• 12.
    Rosén, Eje
    Uppsala University, Disciplinary Domain of Science and Technology, Biology, Department of Ecology and Genetics, Ecological Botany.
    Öland (Sweden) - a 'historical' pasture landscape supported by environmental schemes and modern technology2010In: Large-scale livestock grazing. A management tool for nature conservation / [ed] Plachter, H. & Hampicke, U., Springer, 2010, p. 332-346Chapter in book (Refereed)
  • 13.
    Snoeijs, Pauli
    et al.
    Department of Systems Ecology, Stockholm University.
    Holeton, Claire
    Uppsala University, Disciplinary Domain of Science and Technology, Biology, Department of Ecology and Genetics, Ecological Botany.
    Häubner, Norbert
    Uppsala University, Disciplinary Domain of Science and Technology, Biology, Department of Ecology and Genetics, Ecological Botany.
    Seasonal variation of astaxanthin production in a changing pelagic ecosystemManuscript (preprint) (Other academic)
    Abstract [en]

    The carotenoid pigments of mesozooplankton communities in the Baltic Sea area were investigated in a large-scale survey. Ninety-nine percent of the zooplankton carotenoid concentrations consisted of astaxanthin and only 1% of canthaxanthin. We recorded large seasonal differences in astaxanthin concentrations, but no apparent patterns in the regional distribution within the Baltic Sea proper. Astaxanthin levels were lowest in summer when zooplankton feeding and growth rates are highest. In the cold season astaxanthin concentrations were three to four times higher than in summer and the proportions of astaxanthin esters were much higher than in summer. This suggests that astaxanthin is necessary especially in winter for the antioxidant protection of storage lipids. The seasonal cycles of astaxanthin was strongly intertwined with seasonal environmental conditions and changes in zooplankton community composition. Large differences between cladoceran- and copepod-dominated communities were were discovered. The abundances of the cladoceran genera Bosmina, Evadne and Podon were strongly negatively correlated with community concentrations of all forms of astaxanthin. Among the copepods, Temora longicornis and Pseudocalanus acuspes had the highest affinities with astaxanthin and Acartia spp. the lowest. The proportion of astaxanthin esters in the mesozooplankton of the Baltic Sea proper was on average 35%, which is lower than normally reported for pelagic crustaceans. This may indicate starvation of zooplankton and low nutritional value as astaxanthin source for predators in the Baltic Sea proper. Climate change scenarios for the area predict developments towards higher water temperature and lower salinity in the near future and this may lower the food quality for planktivorous fish if the abundances of Bosmina spp. and Acartia spp. increase at the cost of more nutritious copepods with higher astaxanthin concentrations. Because of their small size these taxa are normally avoided as prey by the major planktivorous fish, herring and sprat, in the Baltic Sea proper. However, when the abundances of larger zooplankton decrease by the ongoing bottom-up and top-down pressures on the zooplankton community, which already has happened in the case of Pseudocalanus acuspes, this may have consequences for the transport of astaxanthin to higher trophic levels.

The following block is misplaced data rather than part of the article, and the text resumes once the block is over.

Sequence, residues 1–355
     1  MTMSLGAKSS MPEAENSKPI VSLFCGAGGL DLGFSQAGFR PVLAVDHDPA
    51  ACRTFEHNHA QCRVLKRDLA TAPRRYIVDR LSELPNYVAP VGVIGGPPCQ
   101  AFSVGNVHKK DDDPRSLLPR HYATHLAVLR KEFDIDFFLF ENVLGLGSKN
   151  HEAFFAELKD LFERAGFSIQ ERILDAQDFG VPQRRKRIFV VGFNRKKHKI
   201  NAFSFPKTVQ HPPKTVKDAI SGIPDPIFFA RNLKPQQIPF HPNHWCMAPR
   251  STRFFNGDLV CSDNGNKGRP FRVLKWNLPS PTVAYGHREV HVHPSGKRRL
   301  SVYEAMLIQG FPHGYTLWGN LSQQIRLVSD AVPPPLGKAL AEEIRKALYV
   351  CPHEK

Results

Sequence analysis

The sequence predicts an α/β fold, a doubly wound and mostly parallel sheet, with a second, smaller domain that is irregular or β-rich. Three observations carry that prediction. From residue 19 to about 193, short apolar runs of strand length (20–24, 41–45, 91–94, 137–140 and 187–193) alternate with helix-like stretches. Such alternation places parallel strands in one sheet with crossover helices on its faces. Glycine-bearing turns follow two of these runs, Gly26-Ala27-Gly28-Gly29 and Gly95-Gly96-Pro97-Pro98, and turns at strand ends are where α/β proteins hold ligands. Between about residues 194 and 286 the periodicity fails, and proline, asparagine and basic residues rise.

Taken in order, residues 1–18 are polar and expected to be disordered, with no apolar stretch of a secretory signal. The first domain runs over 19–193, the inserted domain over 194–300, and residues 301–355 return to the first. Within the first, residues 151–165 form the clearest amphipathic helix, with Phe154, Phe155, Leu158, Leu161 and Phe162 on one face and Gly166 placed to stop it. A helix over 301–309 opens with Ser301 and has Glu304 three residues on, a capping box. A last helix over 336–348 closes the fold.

• 14.
    Sylvander, Peter
    et al.
    Department of Systems Ecology, Stockholm University.
    Häubner, Norbert
    Uppsala University, Disciplinary Domain of Science and Technology, Biology, Department of Ecology and Genetics, Ecological Botany.
    Snoeijs, Pauli
    Department of Systems Ecology, Stockohlm University.
    The thiamine (vitamin B1) content of phytoplankton is affected by temperature, photon density and salinityIn: Marine Ecology Progress Series, ISSN 0171-8630, E-ISSN 1616-1599Article in journal (Refereed)
    Abstract [en]

    Thiamine (vitamin B1) is produced by plants, algae and bacteria and must be acquired through the food web by higher trophic levels. In this study we investigate the biosynthesis of thiamine in six phytoplankton species belonging to five different phyla under different environmental conditions. The chlorophyte Dunaliella tertiolecta, the dinoflagellate Prorocentrum minimum and the prymnesiophyte Rhodomonas salina were found to be thiamine auxotrophs, while the cyanobacterium Nodularia spumigena and the diatoms Phaeodactylum tricornutum and Skeletonema costatum were capable of thiamine synthesis. Measured net thiamine production in the latter three species varied with temperature, photon density and salinity. These effects were different for the cyanobacterium and the diatoms and strongest for salinity. In N. spumigena, the total thiamine concentration increased threefold with increased salinity. P. tricornutum accumulated seven times more thiamine diphosphate when salinity was decreased. Temperature also had pronounced effects on thiamine concentration, while photon density only affected thiamine levels in combination with temperature. In N. spumigena and P. tricornutum, total thiamine levels increased with higher temperature. We demonstrate a high variability among phytoplankton species in thiamine biosynthesis, as well as in the level of thiamine production in response to environmental factors. Thus, regime shifts in phytoplankton community composition through large-scale environmental change can alter the vitamin B1 availability for higher trophic levels. This may have serious consequences for the access of zooplankton, fish, birds and mammals to this essential vitamin in changing ecosystems.